Common Ground in a Liquid City
Which elements make a city worth living? Matt Hern writes about a sustainable urban development in which cities consist of »common spaces« and whose inhabitants actively and liquidly create common places. Using examples like Vancouver, Istanbul, New York, Las Vegas and Thessaloniki, he shows which components are important for cities to provide an environment worth living.
„In a liquid era when people, goods and capital are sloshing all over the globe we have to turn cities into comprehensible places that everyday people can actively inhabit.“ (p. 9)
How can we break through solid structures, come unstuck from existing patterns and innovate with new ideas?
Gamestorming (Gray, Brown & Macanufo) offers a collection of tools and practices as well as many creative ideas for overcoming mental blocks and a lack of inspiration. The methods are always helpful to implement our workshops in a playful way!
»Theorie des Städtebaus« – Dieter Frick
The structural-spatial organization of the city must be seen on the one hand from the perspective of the existing city, and on the other hand also considering the city to be planned.
In his book on the theory of urban development, Dieter Frick focuses on the structural and spatial dimension of urban and spatial planning and concretises visions and fields of action. Spatial distributions and the involved accessibility are central elements and thus a requirement for the utilisation and perception of a city.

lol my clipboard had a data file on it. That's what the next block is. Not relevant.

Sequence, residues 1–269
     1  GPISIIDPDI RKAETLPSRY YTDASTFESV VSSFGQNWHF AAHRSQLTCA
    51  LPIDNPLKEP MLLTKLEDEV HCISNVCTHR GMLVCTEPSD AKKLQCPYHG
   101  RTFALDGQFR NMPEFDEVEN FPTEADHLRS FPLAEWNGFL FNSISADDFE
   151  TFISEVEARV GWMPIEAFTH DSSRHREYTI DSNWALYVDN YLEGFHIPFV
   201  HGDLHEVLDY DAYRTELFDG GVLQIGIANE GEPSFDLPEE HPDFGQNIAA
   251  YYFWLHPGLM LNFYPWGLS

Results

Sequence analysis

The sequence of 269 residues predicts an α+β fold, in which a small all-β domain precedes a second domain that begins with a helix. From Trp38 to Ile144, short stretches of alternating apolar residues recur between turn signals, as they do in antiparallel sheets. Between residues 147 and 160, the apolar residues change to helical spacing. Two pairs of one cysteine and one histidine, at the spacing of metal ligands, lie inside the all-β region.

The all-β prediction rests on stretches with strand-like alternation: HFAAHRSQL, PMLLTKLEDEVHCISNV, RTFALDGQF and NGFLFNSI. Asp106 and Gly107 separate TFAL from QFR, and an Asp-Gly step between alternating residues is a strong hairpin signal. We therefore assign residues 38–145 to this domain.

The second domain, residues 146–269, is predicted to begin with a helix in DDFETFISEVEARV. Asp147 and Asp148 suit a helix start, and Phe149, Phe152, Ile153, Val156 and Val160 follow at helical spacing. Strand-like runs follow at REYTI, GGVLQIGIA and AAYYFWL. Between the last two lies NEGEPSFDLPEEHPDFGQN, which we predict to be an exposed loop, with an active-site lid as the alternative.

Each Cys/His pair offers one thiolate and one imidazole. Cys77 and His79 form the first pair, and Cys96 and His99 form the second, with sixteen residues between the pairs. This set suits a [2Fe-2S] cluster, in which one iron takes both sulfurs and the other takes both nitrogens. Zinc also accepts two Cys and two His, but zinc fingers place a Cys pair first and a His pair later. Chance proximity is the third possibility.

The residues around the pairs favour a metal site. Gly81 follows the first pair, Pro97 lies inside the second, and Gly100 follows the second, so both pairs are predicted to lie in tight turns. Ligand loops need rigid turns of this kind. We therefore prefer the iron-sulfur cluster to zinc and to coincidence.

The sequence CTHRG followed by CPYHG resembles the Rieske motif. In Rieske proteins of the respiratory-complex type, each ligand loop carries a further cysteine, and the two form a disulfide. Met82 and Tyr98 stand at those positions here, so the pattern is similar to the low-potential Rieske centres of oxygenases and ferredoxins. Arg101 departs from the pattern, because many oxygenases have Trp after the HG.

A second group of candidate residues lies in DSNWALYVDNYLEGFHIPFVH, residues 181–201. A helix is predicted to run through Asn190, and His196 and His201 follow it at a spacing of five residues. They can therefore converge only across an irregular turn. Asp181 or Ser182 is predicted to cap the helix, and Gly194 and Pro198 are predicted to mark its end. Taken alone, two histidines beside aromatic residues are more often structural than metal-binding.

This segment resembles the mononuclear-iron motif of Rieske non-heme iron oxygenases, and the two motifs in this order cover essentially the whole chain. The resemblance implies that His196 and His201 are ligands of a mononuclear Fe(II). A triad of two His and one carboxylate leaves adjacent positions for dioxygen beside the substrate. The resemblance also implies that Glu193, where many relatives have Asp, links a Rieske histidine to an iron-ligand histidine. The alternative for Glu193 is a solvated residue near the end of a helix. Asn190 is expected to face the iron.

»Alternative Cultural Institutions in Germany: Questioning Economic Perspectives on Spaces of Creativity«
In his article, Christoph Mager discusses the qualitative separation of creative, value-adding activities and the hierarchisation of social spaces ans spaces of creativity. Furthermore he talks about the handling of cultural institutions and the cultural infrastructure in the suburban area.
Keywords: Cultural Infrastructure · Creativity · Creative Industries · Cultural Policy · Socio-Culture
Published in: Spatial Research and Planning, 2014 (Vol. 72) p. 477-489
Click here for further information.
»Die Bürger und ihr öffentlicher Raum«
Public space is a place of political events, enables the building of social relationships and provides a framework for integration and culture. As a result, public space can create a favourable environment for more innovation, flexibility and creativity.
»Citizens and their public space« deals with cities in the interplay between urban planning, corporate interests, politics and religion as well as civic responsibility. Meaning, function and use of public spaces are core issues, as well as the importance of the design of places through citizen participation.
Published by the Herbert Quandt-Foundation.
On behalf of the Federal Environment Agency (UBA), the German Institute for Urban Affairs (Difu) investigated the participation processes of environmental projects in order to collect recommendations for action and suggestions for improvement. How can the organization and communication be improved and transparency and consistency of public participation be ensured?
»Participation in environmental projects« – Special Issue UBA 37/2017
Further information: here.
Energy and climate protection concept – local municipality Mansfelder Grund-Helbra
Early in 2016, the Leipzig Institute of Energy entrusted us with the design and implementation of the participation process as part of the energy and climate protection concept for the local municipality Mansfelder Grund-Helbra.